When you think of felony assault and battery charges, you probably envision murderous weapons like guns and knives, not french fries. The California Penal Code defines assault as “an unlawful attempt, coupled with a present ability, to commit a violent injury on [another] person.” Battery is similarly defined as “any willful and unlawful use of force or violence upon [another] person.”
Are french fries capable of inflicting a “violent injury?” When James Hackett and his wife began arguing after purchasing a meal at McDonald’s, his 11-year old stepdaughter attempted to stop their arguing. This angered Hackett, who allegedly then grabbed the container of french fries and threw them at her; they hit her in the face and chest.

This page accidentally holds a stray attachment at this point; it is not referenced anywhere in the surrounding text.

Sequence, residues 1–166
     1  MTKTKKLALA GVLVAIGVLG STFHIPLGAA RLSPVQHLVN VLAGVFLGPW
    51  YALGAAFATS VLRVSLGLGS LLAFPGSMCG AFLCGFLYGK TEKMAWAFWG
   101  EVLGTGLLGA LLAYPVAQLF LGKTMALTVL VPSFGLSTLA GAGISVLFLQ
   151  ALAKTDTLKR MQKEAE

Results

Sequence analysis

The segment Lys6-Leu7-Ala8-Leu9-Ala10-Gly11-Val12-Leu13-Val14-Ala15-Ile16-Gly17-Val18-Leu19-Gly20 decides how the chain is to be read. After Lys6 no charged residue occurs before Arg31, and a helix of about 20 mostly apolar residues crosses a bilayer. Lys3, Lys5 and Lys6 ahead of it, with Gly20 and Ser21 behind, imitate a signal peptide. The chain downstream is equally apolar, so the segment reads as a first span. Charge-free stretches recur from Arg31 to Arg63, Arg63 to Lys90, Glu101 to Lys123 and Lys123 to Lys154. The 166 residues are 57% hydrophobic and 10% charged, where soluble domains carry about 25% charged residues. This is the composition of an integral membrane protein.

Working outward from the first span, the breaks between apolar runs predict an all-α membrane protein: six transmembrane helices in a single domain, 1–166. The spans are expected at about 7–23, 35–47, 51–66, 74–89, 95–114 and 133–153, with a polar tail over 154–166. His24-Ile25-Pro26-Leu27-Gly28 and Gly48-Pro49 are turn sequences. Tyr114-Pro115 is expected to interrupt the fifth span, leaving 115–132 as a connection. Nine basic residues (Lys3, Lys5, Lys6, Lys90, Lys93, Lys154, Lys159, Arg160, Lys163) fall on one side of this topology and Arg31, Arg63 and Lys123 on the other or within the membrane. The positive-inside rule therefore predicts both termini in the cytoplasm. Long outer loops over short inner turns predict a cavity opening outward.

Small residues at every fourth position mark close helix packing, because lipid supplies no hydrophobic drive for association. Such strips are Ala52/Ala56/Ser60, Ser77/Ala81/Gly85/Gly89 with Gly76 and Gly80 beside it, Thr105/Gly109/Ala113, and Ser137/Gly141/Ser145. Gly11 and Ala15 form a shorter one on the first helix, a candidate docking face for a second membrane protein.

Prosecutors claim that because Hackett was able and attempted to commit a “violent” injury on his stepdaughter, and because the french fries struck her, he was charged with both assault and battery. The nature of the “weapon” was unusual, but because they were hot and oily, they could conceivably lead to injury, especially when striking the face. The girl was not, however, harmed in this incident.
After arriving home, Hackett fled the residence on his motorcycle, and he was later tracked down and arrested by police. He is now free on bail after pleading not guilty to both charges. He returns to court in August for a pretrial hearing.
As we’ve seen, those arrested for violent felonies are often not seen as “violent felons.” Family members who act out in anger during an argument are treated equally under California law. When police arrive to learn that an assault or battery has taken place, coupled with sufficient evidence, they will make an arrest and criminal charges will be filed, even if the “weapon” was a french fry.
If you or a loved one are arrested for assault and/or battery, call Orange County criminal attorney Staycie R. Sena for a free consultation at (949) 477-8088.